[ Previous | Next | ADS ]

Broadband Photometry of the Potentially Hazardous Asteroid 251346 (2007 SJ)

ATel #5801; M. Hicks (JPL/Caltech), S. Ebelhar (PCC)
on 24 Jan 2014; 03:15 UT
Credential Certification: Michael D. Hicks (Michael.Hicks@jpl.nasa.gov)

Subjects: Optical, Solar System Object, Near-Earth Object, Potentially Hazardous Asteroid

The Near-Earth Asteroid (NEA) 251346 (2007 SJ) was discovered by the LINEAR Sky Survey on September 17, 2007 (MPEC 2007-S17). With a Minimum Orbit Intersection Distance (MOID) of 0.045 AU and an expected diameter between 1.3~2.8 km, this object has been designated as a Potentially Hazardous Asteroid (PHA) by the Minor Planet Center. We obtained two partial nights of broadband Bessel BVRI photometry (October 10 and December 11, 2013) and one night (December 13, 2013) at the JPL Table Mountain 0.6-m telescope (TMO), as summarized in Table 1.

The rotationally averaged colors of 251346 (2007 SJ) [B-R=1.297+/-0.027 mag; V-R=0.484+/-0.019 mag; R-I=0.350+/-0.031 mag] were compared with the 1341 asteroid spectra in the SMASS II database (Bus & Binzel, 2002). The best-fit match was found in 1014 Semphryra, an Xe-type asteroid. The NEA was also well matched by several K and S-type asteroids [ Figure 1 and Table 2]. E-family asteroids typically exhibit high albedos and can be distinguished from S-family asteroids by solar phase behavior (Belskaya & Shevchenko, 1999). Correcting for heliocentric and geocentric distances, our R-band photometry was used to construct the solar phase curve shown in Figure 2 and allowed us to solve for an absolute magnitude H_R=16.68+/-0.01 mag (H_V=17.16+/-0.03 mag) and phase parameter g=0.31, corresponding to phase coefficient as measured between 10 deg and 20 deg of 0.029 mag/deg. This suggests an albedo (rho=0.22+/-0.05) consistent with S-family asteroids. 2007 SJ is likely an S-family asteroid.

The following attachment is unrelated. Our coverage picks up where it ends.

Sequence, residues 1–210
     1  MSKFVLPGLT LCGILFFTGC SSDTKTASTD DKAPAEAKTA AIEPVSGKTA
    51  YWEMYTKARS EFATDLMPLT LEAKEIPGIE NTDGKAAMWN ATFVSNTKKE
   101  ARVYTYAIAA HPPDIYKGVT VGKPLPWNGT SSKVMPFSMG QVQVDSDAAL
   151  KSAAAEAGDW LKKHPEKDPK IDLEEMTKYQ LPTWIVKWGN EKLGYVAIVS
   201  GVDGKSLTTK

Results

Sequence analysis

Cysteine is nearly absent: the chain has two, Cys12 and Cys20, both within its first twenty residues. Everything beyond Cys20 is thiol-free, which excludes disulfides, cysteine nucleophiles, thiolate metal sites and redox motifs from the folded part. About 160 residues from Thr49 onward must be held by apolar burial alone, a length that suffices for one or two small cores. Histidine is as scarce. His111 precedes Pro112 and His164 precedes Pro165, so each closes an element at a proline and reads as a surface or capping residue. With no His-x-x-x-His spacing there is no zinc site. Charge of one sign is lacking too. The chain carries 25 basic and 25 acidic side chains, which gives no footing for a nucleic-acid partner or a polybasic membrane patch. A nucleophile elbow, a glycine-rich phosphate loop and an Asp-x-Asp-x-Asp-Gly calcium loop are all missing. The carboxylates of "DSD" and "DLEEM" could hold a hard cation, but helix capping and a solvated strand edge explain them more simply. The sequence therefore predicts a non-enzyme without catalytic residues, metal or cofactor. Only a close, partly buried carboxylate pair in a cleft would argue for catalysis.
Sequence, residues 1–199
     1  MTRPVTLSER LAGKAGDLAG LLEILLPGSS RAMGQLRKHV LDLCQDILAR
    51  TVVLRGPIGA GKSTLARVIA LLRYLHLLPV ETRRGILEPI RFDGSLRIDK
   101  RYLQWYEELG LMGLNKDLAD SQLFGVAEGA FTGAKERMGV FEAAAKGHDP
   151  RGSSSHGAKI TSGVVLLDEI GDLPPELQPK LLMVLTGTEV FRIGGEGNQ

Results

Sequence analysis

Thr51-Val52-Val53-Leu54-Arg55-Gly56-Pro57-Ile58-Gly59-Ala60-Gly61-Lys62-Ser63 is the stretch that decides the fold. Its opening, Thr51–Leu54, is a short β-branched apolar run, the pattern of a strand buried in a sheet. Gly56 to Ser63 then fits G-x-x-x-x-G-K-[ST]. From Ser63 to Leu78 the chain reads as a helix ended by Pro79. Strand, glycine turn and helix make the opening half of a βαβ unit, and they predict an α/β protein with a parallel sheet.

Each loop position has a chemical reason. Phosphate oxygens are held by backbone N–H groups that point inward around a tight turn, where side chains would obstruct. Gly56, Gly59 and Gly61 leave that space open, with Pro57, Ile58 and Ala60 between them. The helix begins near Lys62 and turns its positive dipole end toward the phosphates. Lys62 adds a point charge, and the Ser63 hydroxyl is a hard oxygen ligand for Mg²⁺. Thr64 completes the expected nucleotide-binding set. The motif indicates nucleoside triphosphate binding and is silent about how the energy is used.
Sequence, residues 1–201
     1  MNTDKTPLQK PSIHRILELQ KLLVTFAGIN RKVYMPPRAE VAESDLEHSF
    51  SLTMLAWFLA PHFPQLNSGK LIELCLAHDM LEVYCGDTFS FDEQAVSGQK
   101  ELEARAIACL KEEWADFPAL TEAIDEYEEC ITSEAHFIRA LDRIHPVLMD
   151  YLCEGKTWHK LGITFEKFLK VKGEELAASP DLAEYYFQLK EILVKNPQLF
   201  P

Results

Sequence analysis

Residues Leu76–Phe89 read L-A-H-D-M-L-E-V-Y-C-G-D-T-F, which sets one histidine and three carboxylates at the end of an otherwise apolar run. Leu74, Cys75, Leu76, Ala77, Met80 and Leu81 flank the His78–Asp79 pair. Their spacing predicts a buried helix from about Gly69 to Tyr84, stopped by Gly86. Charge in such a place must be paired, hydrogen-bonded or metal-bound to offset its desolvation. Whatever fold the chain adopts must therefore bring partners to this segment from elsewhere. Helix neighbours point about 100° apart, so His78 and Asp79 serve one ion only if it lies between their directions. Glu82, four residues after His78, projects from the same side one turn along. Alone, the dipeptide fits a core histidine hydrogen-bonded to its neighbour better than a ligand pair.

After correcting for observational geometry and using our color offsets for the B,V, and I photometry, we performed a rotational period search using standard Fourier techniques. Figure 3 plots chi-squared 4th order Fourier model misfit as a function of assumed rotation period. We found a best-fit synodic period P_syn = 2.718+/-0.007 hr [ Figure 4 ], in agreement with the 2.7 hr period reported by Brian Warner (http://echo.jpl.nasa.gov/asteroids/2007SJ/2007SJ_planning.html).

Copyright 2013. All rights reserved. The research described in this telegram was carried out at the Jet Propulsion Laboratory, under a contract with the National Aeronautics and Space Administration. The student participation was supported by the National Science Foundation under REU grant AST-1156756 to Los Angeles City College.

Table 1:   Observational circumstances. 
                               Solar Expected 
   UT DATE       r     delta   Phase    V      Filters   Observer 
                [AU]    [AU]   [deg]  [mag] 
2013 10 17.26  1.411   0.451   18.9    16.8     BVRI     Ebelhar 
2013 12 11.18  1.076   0.207   58.8    15.7     BVRI     Hicks 
2013 12 13.18  1.064   0.199   61.3    15.6       R      Hicks 
Table 2:  Best-fit SMASS II spectral analogs. 
                           TAXONOMIC CLASS 
0.852   1014 Semphyra                 Xe 
0.915    397 Vienna            S      K 
1.026    513 Centesima         S      K 
1.076    905 Universitas              S 
1.545   1640 Nemo                     S